Lifestyle

Nestor Ramos

What it’s like to eat Trump’s favorite McDonald’s meal

Nestor Ramos with his trusty bodyguard (aka Globe reporter Steve Annear), getting ready to eat President Trump's preferred McDonald's meal.
Matthew J. Lee/Globe staff
Nestor Ramos with his trusty bodyguard (aka Globe reporter Steve Annear), getting ready to eat President Trump's preferred McDonald's meal.

I am no stranger to the concept of a late-night fast-food run. Show me a wife out of town for a couple days, and I’ll show you at least one shameful visit to the Wendy’s drive-through by my house.

So, far be it from me to criticize President Trump for dispatching a trusted former body guard, Keith Schiller, to a nearby McDonald’s to procure a presidential burger, as reported by Politico on Tuesday. I won’t abide a well-done steak — another reported Trump delicacy — but this? Well, this sounds like something I’d do.

But then I heard the president’s preferred Mickey D’s order.

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A quarter-pounder with cheese, extra ketchup, hold the pickles. And a fried apple pie.

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All jokes aside — have you ever noticed the suspicious similarity between a Big Mac’s secret sauce and, ahem, Russian dressing? — this sounded like a bad order. Too sweet, lacking anything appropriately salty or sour to balance it. And an ill-considered fast food order, as anyone who’s gone rogue in the Burger Kingdom knows, is a tragedy — a waste of hundreds, even thousands of precious calories that had been allocated for something full of delicious chemicals.

Why do you think people get so furious when they discover they’ve gotten the wrong sandwich in their bag after they pull away from the window?

But I had to give the president’s order a fair shake. I deputized a trusty accomplice, who appears to subsist entirely on protein bars and Polar seltzer, as my bodyguard for the day and sent him off to procure the Trump special.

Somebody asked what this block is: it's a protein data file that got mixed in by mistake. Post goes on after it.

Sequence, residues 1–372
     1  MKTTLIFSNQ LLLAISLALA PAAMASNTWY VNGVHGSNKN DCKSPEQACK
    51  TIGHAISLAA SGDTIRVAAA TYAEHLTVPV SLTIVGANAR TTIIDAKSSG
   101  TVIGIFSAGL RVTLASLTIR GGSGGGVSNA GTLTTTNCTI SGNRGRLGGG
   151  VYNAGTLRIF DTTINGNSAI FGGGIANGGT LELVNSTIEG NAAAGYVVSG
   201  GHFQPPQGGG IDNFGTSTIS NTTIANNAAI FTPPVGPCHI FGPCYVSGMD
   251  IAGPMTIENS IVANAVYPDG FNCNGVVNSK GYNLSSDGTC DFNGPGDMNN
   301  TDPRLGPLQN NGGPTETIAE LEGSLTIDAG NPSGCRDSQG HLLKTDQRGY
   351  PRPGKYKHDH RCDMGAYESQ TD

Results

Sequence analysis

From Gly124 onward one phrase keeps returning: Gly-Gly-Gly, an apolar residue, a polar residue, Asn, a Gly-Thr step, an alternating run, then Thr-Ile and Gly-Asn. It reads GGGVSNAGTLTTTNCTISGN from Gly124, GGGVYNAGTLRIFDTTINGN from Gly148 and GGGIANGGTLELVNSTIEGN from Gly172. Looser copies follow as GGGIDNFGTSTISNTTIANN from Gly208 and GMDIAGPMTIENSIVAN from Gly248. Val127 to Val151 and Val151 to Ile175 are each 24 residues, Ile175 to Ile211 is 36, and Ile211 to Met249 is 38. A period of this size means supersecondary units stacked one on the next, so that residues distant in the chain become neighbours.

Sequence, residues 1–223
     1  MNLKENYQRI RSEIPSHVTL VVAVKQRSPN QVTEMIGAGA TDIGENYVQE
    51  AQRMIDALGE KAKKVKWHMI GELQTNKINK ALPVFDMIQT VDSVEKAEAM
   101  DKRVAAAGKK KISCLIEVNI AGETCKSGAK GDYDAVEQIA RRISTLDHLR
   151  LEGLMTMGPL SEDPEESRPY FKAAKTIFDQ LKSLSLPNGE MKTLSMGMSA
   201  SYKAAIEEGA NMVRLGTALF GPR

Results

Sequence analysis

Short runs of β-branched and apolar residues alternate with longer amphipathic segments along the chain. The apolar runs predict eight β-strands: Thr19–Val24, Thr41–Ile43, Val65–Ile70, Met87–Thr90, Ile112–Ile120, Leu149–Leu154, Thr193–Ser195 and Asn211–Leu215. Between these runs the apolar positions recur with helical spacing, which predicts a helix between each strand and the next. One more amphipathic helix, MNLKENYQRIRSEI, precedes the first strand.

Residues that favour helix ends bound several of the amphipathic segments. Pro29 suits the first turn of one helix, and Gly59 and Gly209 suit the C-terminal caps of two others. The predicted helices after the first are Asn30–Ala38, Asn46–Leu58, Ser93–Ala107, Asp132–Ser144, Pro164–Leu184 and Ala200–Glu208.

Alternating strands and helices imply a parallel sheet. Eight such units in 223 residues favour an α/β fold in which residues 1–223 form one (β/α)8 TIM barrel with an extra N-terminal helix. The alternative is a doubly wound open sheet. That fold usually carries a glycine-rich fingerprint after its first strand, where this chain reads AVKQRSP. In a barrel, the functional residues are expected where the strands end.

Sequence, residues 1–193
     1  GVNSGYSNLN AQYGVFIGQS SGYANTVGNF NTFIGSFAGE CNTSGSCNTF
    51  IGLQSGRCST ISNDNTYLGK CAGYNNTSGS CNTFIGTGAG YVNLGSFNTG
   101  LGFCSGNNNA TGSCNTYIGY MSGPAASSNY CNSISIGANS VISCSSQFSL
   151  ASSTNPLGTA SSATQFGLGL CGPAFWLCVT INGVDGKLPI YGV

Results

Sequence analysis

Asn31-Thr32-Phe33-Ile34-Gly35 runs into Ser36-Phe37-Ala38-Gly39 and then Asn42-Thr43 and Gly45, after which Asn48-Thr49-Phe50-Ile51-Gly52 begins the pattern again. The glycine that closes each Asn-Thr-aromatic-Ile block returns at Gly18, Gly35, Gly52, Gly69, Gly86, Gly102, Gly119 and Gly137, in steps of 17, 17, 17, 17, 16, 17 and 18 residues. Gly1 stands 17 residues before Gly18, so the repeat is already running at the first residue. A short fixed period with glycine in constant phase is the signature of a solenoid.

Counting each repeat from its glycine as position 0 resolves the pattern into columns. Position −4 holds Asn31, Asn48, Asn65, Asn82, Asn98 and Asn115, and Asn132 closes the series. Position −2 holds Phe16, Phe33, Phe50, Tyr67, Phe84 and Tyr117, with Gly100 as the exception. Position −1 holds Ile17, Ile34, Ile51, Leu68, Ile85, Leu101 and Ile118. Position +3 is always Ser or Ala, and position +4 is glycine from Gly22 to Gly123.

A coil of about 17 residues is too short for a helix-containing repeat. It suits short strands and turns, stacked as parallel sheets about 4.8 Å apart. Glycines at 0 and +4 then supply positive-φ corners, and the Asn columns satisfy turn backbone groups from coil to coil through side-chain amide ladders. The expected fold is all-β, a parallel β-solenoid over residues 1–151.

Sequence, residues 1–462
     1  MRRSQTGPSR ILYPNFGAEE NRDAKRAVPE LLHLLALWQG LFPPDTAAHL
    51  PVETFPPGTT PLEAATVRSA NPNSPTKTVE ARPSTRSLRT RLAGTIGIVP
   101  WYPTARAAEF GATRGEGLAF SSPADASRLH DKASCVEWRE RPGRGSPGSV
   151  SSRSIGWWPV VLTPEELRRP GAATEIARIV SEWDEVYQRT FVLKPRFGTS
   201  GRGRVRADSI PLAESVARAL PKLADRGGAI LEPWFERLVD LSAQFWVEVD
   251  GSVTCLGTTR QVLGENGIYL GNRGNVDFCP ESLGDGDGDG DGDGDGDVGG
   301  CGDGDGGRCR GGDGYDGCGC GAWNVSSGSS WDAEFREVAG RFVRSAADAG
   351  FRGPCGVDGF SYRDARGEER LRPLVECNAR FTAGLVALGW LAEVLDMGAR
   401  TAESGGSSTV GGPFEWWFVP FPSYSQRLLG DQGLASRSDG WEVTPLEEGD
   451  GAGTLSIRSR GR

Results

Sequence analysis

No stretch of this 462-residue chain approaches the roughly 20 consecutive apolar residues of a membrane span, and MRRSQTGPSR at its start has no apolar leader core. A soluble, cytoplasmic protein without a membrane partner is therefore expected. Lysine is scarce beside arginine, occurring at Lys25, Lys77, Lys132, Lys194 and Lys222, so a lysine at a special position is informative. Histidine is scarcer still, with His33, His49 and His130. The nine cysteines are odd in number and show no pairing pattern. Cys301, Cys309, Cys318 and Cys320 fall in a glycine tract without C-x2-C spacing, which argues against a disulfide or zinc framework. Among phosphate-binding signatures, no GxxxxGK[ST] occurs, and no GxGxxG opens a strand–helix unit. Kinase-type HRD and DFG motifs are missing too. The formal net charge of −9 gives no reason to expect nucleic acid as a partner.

“Do I need to order it fried? Or is that just how they come?” my deputy asked of the pie. He had not passed under a golden arch in about a decade (though he did drive all over greater Boston eating gas station hot dogs with me).

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“Order it fried, to be safe,” I said.

He walked over to the McDonald’s in Downtown Crossing — less than a half-mile from the Globe, about the same distance as the New York Avenue location that Schiller reportedly raided for his boss is from the White House — and procured the $6.41 worth of goods.

To complete the Trump burger experience, we commandeered the fanciest office we could find (aside to Brian McGrory: I’m sorry about the lingering smell) and got down to business.

President Trump's preferred McDonald's meal.
Matthew J. Lee/Globe staff
President Trump's preferred McDonald's meal.

A visual inspection revealed the burger to be much as I remembered a quarter pounder: a seeded, slightly stiff bun with a thick, uniform beef patty cloaked in yellow cheese on both sides. But removing the top bun revealed a pool of ketchup that looked like the set of a “Saw” movie.

After the first bite, the ketchup began oozing out of the mouth-shaped gash I’d left in the burger. In fairness, I have had very little sugar since concluding my Whole30 diet, but sugar was all I could taste — blindingly sweet, with a faint hint of that unique beef-adjacent flavor that all McDonald’s patties acquire somewhere on the winding journey from cow’s body to person’s face.

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The second bite was much the same, at which point I gave up. There were onions in there, but they were drowning in ketchup. Rumors of cheese remain unconfirmed. This isn’t a burger, it’s a ketchup sandwich with extra meat.

And the pie? Well, I couldn’t test the pie. The location in Downtown Crossing serves only the vastly inferior baked variety. And though my noble deputy asked, the staff declined to dump an already baked pie into the fryer. Sad.

But that pie could be lovingly hand shaped and carefully fried in virgin duck fat by Thomas Keller himself and it wouldn’t redeem that ketchup-soaked burger.

And come on, how do you skip the fries? Say what you will about McDonald’s: The fries are unimpeachable.

Nestor Ramos is a Globe columnist. He can be reached at nestor.ramos@globe.com. Follow him on Twitter @NestorARamos.